SHANGHAI - British driver Lewis Hamilton has been branded "selfish" and "inconsiderate" for his celebration antics after winning the Chinese Grand Prix on April 12.
The reigning F1 champion was photographed unleashing a torrent of bubbly directly into a podium girl's face, which sparked a heated debate on his actions.
Object, a campaign in the United Kingdom against media sexism, has been particularly vocal in its criticism.
"The photos appear to show that the woman is not just being splashed, but that the champagne is being very specifically directed into her face, which does not look like a voluntary piece of horseplay on her part," Object's chief executive, Roz Hardie, told The Daily Mail.
"If this is the case, we think Lewis Hamilton should apologise for his actions and think carefully about how he behaves in the future. For most people, it would be apparent that she is not enjoying it.
"It's unfortunate that a great victory has been marred by what appears to be selfish and inconsiderate behaviour."
Ms Hardie also claimed that this incident was a general reflection of how women are viewed as sex objects in motor racing.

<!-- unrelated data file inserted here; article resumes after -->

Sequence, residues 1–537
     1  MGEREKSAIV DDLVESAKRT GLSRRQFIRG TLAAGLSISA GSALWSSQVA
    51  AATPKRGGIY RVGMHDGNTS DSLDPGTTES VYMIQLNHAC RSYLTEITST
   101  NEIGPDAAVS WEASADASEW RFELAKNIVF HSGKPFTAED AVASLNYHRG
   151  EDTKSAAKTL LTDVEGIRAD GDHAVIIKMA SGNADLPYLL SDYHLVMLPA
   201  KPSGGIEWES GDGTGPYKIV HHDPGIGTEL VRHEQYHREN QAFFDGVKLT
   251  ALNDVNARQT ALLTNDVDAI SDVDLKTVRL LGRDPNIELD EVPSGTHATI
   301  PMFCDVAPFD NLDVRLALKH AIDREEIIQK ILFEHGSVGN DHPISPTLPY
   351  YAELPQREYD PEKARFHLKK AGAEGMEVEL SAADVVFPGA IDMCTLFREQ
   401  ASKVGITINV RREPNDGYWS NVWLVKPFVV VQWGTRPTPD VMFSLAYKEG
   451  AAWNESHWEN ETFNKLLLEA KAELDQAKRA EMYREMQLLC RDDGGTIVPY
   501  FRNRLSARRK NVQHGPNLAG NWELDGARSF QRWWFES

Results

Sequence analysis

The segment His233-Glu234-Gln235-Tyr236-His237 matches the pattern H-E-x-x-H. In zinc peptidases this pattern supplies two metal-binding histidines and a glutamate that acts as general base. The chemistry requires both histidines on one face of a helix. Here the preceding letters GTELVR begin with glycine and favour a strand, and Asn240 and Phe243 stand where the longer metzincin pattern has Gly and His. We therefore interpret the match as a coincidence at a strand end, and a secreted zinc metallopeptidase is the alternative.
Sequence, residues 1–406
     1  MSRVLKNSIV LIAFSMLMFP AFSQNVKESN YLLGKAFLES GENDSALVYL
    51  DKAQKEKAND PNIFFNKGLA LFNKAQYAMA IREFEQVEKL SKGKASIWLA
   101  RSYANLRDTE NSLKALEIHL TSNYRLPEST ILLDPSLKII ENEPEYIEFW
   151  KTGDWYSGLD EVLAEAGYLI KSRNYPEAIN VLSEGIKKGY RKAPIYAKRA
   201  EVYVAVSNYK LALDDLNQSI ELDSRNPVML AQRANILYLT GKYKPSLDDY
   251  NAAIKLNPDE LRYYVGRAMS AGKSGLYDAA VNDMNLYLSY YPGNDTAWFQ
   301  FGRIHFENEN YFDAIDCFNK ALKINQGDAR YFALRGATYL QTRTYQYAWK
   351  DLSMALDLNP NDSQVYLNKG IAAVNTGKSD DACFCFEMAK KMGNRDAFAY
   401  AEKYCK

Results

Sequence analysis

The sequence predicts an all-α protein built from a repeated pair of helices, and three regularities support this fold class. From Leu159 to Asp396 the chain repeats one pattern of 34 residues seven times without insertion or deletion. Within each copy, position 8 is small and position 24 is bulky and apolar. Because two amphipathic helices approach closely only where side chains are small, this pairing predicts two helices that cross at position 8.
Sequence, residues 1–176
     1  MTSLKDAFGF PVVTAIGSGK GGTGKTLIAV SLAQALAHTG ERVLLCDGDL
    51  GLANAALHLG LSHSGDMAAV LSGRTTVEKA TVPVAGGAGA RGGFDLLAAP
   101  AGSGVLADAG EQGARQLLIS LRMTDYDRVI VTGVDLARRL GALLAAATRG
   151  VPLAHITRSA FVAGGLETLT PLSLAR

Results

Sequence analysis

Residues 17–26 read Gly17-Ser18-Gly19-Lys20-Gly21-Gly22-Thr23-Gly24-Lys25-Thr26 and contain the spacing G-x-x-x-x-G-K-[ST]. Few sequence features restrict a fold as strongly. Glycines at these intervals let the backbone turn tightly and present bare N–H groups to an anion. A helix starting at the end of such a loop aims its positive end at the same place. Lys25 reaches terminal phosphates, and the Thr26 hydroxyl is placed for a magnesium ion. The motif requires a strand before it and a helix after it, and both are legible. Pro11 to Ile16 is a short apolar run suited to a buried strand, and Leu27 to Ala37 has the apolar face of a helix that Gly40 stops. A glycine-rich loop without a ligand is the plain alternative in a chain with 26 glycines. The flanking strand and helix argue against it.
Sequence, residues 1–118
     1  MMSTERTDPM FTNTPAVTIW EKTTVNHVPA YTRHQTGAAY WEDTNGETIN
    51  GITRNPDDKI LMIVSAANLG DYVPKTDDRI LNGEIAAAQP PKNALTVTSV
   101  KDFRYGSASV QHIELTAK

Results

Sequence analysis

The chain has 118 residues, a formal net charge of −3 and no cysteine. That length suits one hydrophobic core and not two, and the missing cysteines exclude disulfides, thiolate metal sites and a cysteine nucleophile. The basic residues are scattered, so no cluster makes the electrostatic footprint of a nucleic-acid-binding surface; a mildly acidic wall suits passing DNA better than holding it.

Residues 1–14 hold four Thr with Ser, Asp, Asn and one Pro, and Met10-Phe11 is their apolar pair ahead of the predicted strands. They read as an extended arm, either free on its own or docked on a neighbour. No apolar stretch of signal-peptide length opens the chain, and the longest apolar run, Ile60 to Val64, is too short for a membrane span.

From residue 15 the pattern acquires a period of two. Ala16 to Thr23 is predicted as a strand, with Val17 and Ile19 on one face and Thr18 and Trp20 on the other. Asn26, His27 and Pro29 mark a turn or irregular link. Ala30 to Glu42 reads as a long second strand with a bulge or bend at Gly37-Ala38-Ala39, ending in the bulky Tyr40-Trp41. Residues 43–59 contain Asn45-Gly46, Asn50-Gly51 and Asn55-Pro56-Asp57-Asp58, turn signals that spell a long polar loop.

Netizens were split over Hamilton's treatment of the podium girl - some found it offensive, while others defended him for what has been perceived as a light-hearted moment.
— Lucy Brain (@Juice1076) April 13, 2015
@LewisHamilton Respecting your craft and judgement on the track but mate stop the shenanigans with the champagne. You're not 10yrs old.
— Andrew Fiu (@lifeafter6) April 14, 2015
Good on you Lewis Hamilton, that is one of the top reasons to become an f1 driver, to spray the grid girls when you win!
— Nicholas Voon (@schnickoman) April 14, 2015
Formula One behavior: so the race tactics were self-centered but doing this to a woman is literally unremarkable. pic.twitter.com/hQqwtQ0JTT
— Kaz Cooke (@reallykazcooke) April 13, 2015
But win or lose, the Mercedes driver is well known his spraying antics on the podium, having repeated his celebrations on a regular basis.
Champagne-spraying after winning a race is a tradition that traces its roots to 1967, when driver Dan Gurney kickstarted the spontaneous celebration by showering the crowd after his surprise victory at the 24 Hours Of Le Mans race.
Previously, drivers had only sipped from the bottle or their trophy cup.